It’s that time of year—spooky ghost stories and jack-o-lanterns abound have us feeling festive for Halloween. Still though, even if you believe in ghosts, it’s important that you’re aware that most times, those strange and unfamiliar noises you hear in your home are not caused by poltergeists. Rather, they are typically created by something going amiss with your plumbing system, or in many cases your HVAC system.
Sure, there are some noises your heater is going to make this winter that you’ll be familiar with. For instance, you may hear the ductwork crackling a bit when your furnace first comes on, as the temperature fluctuates. You will also of course hear the whoosh of air through the vents. Below, however, we’ve uncovered some heater noises you don’t want to hear. Don’t let them haunt you! Call our team to exorcise them.
Loud “Boom” At Startup
We’ll start with the sound that may alarm you the most. That is, when you hear a loud boom coming from the furnace. If this happens each time your furnace starts up, it might be due to the air ducts or the sheet metal siding of the furnace expanding and contracting.
But another definite possibility is that your burners are dirty. What happens, is a layer of grime settles on your burners, and when the furnace cycles on it has to burn through that grime first. This can cause gas to become trapped, and a small explosion occurs as it finally busts through.
If that sounds scary, it probably should be! The thing is, the more this happens, the more likely it is that you’ll have cracked heat exchangers. This can lead to dangerous carbon monoxide exposure.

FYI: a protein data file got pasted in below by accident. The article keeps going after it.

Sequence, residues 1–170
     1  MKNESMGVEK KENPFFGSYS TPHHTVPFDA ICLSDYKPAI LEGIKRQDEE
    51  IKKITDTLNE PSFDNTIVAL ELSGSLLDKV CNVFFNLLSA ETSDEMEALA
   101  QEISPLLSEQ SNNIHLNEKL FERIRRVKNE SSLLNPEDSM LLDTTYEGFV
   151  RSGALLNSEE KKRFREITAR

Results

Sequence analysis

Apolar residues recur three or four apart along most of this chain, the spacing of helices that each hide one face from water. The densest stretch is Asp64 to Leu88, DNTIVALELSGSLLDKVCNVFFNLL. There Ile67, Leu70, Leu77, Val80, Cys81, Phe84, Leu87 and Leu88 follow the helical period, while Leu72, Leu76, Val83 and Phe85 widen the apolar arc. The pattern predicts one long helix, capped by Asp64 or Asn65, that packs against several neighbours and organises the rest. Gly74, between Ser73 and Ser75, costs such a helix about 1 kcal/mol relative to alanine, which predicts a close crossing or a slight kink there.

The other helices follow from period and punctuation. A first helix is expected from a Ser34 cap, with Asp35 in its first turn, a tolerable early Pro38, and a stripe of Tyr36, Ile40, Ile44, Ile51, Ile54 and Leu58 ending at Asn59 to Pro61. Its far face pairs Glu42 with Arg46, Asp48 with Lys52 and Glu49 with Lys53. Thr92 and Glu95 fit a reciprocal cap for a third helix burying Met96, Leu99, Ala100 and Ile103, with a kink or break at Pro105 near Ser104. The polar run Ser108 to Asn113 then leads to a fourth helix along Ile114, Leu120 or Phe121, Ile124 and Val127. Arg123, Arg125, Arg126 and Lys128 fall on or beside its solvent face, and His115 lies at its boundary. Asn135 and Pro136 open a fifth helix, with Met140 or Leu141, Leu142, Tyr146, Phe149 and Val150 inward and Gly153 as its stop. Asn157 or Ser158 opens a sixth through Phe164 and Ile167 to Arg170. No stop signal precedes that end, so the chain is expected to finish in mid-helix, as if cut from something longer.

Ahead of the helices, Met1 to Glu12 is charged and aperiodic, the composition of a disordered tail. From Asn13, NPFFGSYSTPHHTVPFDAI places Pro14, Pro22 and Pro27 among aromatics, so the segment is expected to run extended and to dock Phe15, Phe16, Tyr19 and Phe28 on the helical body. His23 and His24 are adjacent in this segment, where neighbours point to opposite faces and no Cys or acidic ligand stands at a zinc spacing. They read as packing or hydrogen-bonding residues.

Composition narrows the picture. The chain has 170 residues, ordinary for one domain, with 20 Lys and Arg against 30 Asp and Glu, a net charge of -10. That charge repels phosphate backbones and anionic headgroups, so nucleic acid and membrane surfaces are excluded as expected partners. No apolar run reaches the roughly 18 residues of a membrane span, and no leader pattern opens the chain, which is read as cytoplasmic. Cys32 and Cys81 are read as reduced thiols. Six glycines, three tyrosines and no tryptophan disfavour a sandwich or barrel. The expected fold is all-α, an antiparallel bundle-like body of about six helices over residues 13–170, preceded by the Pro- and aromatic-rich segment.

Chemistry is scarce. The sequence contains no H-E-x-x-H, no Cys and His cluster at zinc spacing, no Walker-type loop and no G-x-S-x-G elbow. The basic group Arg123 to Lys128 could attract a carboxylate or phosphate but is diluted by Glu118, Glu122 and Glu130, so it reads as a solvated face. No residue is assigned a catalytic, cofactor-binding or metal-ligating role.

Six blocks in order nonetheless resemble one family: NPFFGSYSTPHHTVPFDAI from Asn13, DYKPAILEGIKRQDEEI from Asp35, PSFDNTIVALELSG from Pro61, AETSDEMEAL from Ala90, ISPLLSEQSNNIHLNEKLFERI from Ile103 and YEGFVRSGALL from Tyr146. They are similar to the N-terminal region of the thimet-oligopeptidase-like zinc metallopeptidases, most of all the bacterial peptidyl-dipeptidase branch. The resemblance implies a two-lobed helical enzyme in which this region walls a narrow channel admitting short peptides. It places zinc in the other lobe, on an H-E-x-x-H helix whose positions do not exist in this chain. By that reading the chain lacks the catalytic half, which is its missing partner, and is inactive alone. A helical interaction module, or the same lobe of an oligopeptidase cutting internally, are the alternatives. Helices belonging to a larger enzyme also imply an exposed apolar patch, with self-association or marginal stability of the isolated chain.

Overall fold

While we would like to make a joke here about a banshee being stuck inside your furnace, there’s a much more likely culprit—a lack of lubrication or a blower fan belt that has worn down. These seem like minor problems, right?
They are, to an extent. But the problem is, too many homeowners let these problems go on for too long, and they have a sort of domino effect on the rest of the system, potentially leading to premature system breakdown.
DO you hear a low rumble? It may be at its loudest when you are right next to your furnace. It’s hard for us to say exactly what’s causing the problem without inspecting your furnace. But we can tell you it’s likely that the pilot flame is too low.
Go ahead and check the flame to ensure it’s blue, and not yellow or orange. If it is one of the latter colors, the rumbling noise can be attributed to a harmful carbon monoxide leak as not enough gas is making it to the flame. Do not turn anything on or off that can cause a spark if you notice this—it’s best to give us a call and have this checked out as an emergency.